Monday, May 30, 2011

The Vast Indifference Of Heaven

I always try and arrive at a destination at least fifteen minutes ahead of whatever time is listed on the invitation, screen, or e-mail. This gives me time to poke around enough to be sure of my surroundings. I don't like the idea of getting somewhere and finding that the front door is locked, only to discover, after several minutes of lurking about that the side entrance has been propped open and there's a big sign that says, "Please use this door."
This is how I feel about the afterlife. There is an old Irish blessing that wishes that you should arrive in Heaven half an hour before the Devil knows you're dead. That's pretty generous, considering my timeline. I expect that if I really am going to spend eternity somewhere that I will have time to become familiar with my surroundings. But that doesn't keep me from wanting to peek ahead, just a little bit. Like practicing the route to the bus station. If I know where it is, then I can rest easy in the days before my scheduled departure. Paradise, Purgatory, or and of the various levels of Damnation are no different to me, perhaps because it seems like the whole game feels rigged.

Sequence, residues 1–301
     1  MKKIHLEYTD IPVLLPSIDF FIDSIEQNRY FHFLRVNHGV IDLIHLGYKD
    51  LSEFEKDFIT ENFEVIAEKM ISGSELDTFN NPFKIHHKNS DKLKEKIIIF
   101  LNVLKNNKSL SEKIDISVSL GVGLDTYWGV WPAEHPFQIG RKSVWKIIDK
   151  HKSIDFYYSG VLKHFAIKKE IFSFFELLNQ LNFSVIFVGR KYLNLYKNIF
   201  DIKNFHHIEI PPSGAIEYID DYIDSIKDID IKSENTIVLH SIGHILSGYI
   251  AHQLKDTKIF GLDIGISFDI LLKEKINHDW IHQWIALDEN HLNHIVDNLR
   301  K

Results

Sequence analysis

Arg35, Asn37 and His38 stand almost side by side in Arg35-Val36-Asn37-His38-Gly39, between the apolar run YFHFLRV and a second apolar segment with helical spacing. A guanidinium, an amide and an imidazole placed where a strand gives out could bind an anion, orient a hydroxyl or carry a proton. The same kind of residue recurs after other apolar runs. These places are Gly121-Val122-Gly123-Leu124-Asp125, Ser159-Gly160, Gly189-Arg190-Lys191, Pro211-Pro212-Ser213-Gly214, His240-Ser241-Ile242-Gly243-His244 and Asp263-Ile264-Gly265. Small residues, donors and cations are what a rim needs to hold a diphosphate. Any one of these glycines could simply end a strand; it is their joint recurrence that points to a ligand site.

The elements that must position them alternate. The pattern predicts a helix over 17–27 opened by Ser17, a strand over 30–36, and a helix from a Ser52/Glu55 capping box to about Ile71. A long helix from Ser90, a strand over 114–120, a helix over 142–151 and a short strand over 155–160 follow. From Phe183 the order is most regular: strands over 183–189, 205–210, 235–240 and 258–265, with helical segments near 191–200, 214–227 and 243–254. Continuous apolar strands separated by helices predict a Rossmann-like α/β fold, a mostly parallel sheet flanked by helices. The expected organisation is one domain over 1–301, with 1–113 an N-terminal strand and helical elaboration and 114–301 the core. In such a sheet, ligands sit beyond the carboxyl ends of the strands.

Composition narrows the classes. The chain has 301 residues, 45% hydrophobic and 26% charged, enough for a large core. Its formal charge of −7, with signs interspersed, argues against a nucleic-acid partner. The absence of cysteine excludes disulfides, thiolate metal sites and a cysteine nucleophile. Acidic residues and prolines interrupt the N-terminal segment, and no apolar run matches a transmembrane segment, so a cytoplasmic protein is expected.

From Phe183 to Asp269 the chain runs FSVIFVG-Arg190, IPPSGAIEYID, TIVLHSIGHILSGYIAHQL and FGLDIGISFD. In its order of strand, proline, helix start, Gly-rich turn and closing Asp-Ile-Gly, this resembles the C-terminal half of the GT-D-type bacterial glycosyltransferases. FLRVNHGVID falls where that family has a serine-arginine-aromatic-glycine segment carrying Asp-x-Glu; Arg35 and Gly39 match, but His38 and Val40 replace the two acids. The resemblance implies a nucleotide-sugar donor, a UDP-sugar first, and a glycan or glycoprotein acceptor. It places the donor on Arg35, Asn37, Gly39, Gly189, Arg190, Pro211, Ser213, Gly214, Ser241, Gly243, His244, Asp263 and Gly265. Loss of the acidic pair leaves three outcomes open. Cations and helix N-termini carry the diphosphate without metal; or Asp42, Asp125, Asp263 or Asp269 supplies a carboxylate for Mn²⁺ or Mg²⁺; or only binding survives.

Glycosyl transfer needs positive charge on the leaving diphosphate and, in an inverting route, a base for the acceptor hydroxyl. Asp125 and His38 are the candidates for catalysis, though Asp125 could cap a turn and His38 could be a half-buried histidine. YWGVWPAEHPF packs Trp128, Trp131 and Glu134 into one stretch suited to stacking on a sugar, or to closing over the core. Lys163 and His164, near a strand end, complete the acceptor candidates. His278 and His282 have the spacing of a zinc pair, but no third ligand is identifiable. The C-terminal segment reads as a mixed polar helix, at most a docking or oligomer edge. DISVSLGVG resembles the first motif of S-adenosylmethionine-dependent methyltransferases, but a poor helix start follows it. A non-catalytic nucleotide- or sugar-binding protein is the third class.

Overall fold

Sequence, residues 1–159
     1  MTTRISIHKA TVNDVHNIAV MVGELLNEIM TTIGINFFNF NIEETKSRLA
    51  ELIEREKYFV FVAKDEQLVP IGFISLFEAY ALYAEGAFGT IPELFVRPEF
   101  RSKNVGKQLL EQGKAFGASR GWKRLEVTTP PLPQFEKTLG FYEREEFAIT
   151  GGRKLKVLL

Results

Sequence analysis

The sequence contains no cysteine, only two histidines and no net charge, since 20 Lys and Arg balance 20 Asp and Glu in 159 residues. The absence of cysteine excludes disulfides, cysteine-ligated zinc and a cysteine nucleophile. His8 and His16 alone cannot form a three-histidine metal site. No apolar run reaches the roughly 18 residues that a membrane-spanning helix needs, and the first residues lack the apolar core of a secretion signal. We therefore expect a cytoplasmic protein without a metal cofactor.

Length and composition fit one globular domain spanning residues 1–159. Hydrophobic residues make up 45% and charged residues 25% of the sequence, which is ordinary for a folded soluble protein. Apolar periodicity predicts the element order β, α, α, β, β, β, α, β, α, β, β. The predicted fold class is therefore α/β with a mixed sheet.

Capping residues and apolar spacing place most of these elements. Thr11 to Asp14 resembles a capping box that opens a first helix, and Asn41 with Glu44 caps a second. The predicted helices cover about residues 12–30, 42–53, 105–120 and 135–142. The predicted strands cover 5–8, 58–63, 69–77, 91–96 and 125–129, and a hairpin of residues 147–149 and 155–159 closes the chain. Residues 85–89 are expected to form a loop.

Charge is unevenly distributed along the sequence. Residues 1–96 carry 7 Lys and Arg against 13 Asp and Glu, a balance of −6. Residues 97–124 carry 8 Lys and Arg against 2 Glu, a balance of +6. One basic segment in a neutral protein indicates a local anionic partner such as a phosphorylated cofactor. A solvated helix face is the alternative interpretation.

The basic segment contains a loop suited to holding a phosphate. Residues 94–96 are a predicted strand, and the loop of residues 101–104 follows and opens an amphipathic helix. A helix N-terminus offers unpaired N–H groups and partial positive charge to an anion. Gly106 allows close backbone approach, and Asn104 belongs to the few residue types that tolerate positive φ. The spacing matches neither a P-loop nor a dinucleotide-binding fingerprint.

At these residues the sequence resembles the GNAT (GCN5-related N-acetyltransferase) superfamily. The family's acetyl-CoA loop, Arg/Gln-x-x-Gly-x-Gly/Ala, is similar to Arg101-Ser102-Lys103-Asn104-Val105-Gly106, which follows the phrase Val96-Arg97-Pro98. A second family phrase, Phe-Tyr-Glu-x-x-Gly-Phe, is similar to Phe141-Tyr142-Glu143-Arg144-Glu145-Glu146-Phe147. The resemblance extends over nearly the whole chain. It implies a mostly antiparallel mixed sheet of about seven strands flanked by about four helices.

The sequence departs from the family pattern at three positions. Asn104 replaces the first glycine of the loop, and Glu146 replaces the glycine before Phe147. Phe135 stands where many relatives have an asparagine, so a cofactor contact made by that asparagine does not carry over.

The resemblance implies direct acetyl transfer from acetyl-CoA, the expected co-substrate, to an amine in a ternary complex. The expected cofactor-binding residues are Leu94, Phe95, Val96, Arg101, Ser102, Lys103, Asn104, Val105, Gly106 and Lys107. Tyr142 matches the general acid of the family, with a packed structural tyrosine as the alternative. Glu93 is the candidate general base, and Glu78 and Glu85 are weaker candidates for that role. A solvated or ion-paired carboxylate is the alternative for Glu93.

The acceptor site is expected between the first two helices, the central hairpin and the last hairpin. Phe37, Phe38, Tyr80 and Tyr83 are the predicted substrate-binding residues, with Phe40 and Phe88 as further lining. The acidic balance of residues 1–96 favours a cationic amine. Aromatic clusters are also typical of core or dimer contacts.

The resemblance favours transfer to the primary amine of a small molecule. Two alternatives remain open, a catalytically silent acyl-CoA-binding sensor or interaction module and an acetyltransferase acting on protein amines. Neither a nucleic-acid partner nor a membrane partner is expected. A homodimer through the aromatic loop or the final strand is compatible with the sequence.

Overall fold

As I have written here before, I don't have very high expectations of my acceptance beyond the Pearly Gates. I expect that any sort of God or God Committee will be far too busy to go over my application personally. There are far too many innocent bystanders to sort out, and I am just hoping to catch up with a few souls who left ahead of me. And when that party is over, as David Byrne suggests, it will start again. "It will not be any different, it will be exactly the same." I'm in no rush to get to that party just now, but I hope I can find it when it's time.

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